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Laryngoscope. 1999 Feb;109(2 Pt 1):192-7.

Congenital absence of the long process of the incus.

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  • 1University of Oklahoma Medical College, Department of Otolaryngology--Head and Neck Surgery, Tulsa Branch, and Saint Francis Hospital, Tulsa, Oklahoma, USA.



To review the case reports of three generations of one family, suffering from bilateral conductive hearing loss due to congenital absence of the long process of the incus.


Review of the literature regarding hereditary congenital absence of the long process of the incus to determine its mode of inheritance such as autosomal dominant or X-linked. Also document the types and results of surgical repairs performed by previous investigators of this defect and compare them with the present study.


Three female patients of direct lineage. Mother, daughter, and granddaughter, who were personally seen, operated on, and followed up over a period of 26 years.


All three female patients presented with similar symptoms and findings of hearing impairment since birth, with no history of ear infections, and with normal appearing tympanic membranes. However, they had severe conductive hearing loss with normal bone conduction and discrimination. Operative findings were identical in all three patients, with the incus ending in a blind stub, and with absence of the capitulum of the stapes. The type of ossicular reconstruction varied with the changing of times and advances in otologic surgery, as well as the prosthetic materials used. All three patients received improvement in their hearing, and this improvement has been maintained over the 26-year span of the study.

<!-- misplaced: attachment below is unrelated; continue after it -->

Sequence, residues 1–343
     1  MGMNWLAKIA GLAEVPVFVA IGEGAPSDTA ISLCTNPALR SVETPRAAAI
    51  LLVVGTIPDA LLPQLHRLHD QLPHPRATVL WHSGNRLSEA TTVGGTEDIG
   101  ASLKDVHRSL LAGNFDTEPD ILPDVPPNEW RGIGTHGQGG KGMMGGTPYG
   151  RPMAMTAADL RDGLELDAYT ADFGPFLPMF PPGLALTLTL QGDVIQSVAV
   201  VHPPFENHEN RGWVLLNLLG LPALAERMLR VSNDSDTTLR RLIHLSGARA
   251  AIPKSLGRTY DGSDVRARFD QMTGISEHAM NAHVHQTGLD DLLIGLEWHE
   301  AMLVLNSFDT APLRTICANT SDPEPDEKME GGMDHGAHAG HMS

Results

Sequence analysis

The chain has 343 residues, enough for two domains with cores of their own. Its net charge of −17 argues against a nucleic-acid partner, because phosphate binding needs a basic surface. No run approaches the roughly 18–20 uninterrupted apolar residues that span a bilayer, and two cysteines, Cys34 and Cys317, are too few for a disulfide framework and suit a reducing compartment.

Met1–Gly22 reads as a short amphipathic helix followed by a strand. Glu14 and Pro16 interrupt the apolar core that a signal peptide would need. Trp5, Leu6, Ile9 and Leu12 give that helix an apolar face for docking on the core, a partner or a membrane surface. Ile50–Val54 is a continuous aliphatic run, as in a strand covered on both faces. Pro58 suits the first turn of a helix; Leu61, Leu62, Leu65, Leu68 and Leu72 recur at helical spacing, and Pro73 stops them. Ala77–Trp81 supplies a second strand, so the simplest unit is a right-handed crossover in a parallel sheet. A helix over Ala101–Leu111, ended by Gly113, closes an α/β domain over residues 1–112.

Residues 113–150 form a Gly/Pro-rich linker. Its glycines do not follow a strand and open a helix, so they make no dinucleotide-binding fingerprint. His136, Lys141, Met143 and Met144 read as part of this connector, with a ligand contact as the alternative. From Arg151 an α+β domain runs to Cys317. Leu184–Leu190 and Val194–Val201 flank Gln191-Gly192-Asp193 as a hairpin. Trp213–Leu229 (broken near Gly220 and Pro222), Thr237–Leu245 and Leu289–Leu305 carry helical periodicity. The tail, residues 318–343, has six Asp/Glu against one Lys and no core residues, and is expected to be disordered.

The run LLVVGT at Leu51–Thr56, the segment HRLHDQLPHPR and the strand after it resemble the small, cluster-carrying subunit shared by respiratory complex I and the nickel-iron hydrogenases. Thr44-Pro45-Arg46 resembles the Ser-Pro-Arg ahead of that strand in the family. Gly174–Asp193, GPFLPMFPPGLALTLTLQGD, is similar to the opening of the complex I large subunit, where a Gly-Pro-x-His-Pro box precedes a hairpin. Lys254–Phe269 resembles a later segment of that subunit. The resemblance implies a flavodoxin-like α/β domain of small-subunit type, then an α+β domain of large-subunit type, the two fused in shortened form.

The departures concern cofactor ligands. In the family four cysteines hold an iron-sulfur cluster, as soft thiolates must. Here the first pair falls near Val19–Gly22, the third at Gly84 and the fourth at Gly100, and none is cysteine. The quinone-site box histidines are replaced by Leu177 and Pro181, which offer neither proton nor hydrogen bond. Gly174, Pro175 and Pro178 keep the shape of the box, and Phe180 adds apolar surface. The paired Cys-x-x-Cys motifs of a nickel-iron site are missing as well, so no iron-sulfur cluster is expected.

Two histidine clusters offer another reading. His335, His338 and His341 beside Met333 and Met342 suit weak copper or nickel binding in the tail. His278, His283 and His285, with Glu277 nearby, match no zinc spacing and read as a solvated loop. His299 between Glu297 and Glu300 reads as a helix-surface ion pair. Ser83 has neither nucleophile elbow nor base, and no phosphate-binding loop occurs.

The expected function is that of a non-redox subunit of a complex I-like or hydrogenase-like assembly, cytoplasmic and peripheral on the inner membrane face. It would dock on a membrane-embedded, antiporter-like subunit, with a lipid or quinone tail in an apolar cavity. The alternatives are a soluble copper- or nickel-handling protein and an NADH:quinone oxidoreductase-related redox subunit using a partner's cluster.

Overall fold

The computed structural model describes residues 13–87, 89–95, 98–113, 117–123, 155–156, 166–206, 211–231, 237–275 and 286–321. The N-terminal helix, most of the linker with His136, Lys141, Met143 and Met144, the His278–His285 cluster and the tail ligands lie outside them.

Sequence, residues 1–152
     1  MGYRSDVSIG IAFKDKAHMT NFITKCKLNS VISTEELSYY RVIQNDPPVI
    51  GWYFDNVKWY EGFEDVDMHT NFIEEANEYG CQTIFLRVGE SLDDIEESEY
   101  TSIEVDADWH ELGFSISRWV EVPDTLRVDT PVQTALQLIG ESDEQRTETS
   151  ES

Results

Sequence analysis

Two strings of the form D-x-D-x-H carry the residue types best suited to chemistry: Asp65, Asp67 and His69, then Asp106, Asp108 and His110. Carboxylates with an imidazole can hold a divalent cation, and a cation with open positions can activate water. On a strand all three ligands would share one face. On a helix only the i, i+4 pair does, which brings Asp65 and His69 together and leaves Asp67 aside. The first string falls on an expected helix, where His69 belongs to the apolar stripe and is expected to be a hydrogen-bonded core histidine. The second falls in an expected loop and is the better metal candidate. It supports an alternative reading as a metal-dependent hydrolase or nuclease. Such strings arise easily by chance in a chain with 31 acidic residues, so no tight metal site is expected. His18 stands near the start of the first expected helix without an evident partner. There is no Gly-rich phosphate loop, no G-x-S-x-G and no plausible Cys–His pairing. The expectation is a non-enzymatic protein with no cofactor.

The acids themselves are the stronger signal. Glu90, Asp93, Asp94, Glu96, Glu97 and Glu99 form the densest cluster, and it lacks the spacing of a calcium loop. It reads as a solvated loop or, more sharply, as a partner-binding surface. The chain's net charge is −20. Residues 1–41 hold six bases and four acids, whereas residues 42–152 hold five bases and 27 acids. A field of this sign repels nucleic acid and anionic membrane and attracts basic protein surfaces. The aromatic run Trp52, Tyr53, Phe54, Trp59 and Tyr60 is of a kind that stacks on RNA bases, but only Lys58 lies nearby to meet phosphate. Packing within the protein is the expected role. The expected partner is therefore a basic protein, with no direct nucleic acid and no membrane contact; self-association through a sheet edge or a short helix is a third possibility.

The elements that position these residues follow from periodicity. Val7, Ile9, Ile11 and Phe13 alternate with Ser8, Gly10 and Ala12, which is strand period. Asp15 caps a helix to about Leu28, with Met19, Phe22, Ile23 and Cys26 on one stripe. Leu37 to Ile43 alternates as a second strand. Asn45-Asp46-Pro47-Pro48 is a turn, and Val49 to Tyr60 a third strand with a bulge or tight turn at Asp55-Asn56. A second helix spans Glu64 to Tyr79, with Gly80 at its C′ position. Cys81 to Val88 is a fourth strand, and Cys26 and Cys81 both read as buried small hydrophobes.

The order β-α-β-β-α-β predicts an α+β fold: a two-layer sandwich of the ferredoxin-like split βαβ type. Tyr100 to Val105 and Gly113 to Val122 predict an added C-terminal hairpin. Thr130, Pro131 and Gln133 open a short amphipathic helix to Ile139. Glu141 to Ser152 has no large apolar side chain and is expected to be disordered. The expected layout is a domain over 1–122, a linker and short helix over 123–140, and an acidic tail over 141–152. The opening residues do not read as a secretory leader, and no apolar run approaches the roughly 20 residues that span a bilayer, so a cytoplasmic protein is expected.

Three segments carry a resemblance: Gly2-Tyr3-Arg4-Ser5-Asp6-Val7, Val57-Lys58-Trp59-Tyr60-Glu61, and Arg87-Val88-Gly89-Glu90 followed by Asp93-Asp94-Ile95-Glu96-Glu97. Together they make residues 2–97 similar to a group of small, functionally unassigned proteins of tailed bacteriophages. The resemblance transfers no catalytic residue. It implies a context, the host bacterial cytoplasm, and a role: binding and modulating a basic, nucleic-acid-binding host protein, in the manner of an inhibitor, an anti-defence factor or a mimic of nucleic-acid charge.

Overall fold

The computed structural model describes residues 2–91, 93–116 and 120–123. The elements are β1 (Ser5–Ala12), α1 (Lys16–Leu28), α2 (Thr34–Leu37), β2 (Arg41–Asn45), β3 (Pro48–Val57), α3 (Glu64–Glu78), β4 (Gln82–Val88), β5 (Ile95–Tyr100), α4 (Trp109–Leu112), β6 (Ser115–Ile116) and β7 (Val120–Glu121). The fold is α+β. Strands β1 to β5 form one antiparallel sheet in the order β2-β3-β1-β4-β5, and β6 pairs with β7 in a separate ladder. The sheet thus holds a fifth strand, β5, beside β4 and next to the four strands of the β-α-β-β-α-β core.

Hearing loss due to congenital absence of the incus is uncommon but not rare. Interestingly, no other instance of inherited cases were reported in the literature. In this family the defect appears to be an inherited trait either due to an autosomal dominant mutation or an X-linked dominant inheritance. This abnormality is amendable to surgery, and any well-executed technique usually gives good hearing results.

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